Before the French Revolution, British society had been noisy, bumptious, rude and confident. You see a glimpse of it in Jane Austen with all those crass, vulgar, big-hearted old people who embarrass their more refined children and grandchildren. In Patrick O’Brien’s series of sea-faring novels set in the Napoleonic era, Jack Aubrey’s father, who damages Jack’s prospects of promotion by being loud and annoying in parliament, and damages Jack’s prospects of inheritance by marrying his chambermaid, is also a nod to the livelier, cruder days of the 18th Century proper.
Five reasons to Love the 18th Century.
- Start shallow and work up 😉 The clothes! This was probably the last period in history when men were allowed to be as gorgeous as women.
This is the era of the poet-shirt with the big baggy sleeves and the neckline down to the navel, with or without ruffles or lace, as you prefer. Rich men wore multi-coloured silk outfits with wonderful embroidery, contrasting waistcoats and knee breeches with fine silk stockings underneath. Poor men wore the classic highwayman/pirate outfits complete with tricornered hats. Did you know that a good calf on a man’s leg was considered such a desirable form of beauty that some men stuffed calf-enhancers made of cork down there?
- Pretty deadly gentlemen. The nice thing about all this male peacock display is that it could not be taken for a sign of weakness. All these gorgeously plumed lads had been training to fence and fight and ride and shoot since they were old enough to stand up. Ever seen ‘Rob Roy’ where Archie Cunningham slices and dices Liam Neeson as Rob Roy, while wearing an immaculate ice-blue waistcoat and extravagant Belgian lace?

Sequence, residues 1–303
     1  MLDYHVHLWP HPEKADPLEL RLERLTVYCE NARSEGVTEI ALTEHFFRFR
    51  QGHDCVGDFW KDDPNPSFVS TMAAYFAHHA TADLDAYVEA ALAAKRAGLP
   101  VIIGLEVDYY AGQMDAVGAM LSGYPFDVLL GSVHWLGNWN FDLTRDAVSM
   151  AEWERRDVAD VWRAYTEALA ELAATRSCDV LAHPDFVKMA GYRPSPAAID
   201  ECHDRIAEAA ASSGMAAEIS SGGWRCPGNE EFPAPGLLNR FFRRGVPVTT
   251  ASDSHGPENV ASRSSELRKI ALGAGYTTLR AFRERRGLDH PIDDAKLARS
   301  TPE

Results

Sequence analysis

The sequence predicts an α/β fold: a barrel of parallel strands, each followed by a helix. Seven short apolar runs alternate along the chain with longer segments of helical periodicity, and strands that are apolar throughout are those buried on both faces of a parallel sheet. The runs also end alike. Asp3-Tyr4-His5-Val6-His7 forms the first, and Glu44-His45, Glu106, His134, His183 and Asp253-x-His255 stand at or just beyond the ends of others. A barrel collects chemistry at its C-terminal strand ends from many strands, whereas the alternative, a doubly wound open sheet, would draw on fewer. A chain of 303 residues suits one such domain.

There’s something very attractive about a class of men with Archie Cunningham’s ruthless intelligence, masterly swordfighting skills and love of expensive tailoring, but with the ‘evil bastard’ gene turned down a little. One of my heroes in the Unquiet Spirits series – Charles Latham – teeters on the edge of that refined man of honour/dangerous sociopath divide. He is less murderous than simply spoiled, privileged and entitled, but at times it’s a struggle not to want to box his ears. Bless him.
For the first time in history ships and the provisioning of ships had advanced to the point where navigation was relatively reliable. Enough food and water could be stored aboard so that voyages could continue for months or even years at a time. From the perspective of the West, this was an age of exploration and discovery, when the old superstitions of the past were for the first time being investigated to see how much was true about them. In Jasper and Charles’s world they are rather more true than in our own.
- Filth, pamphlets and pornography.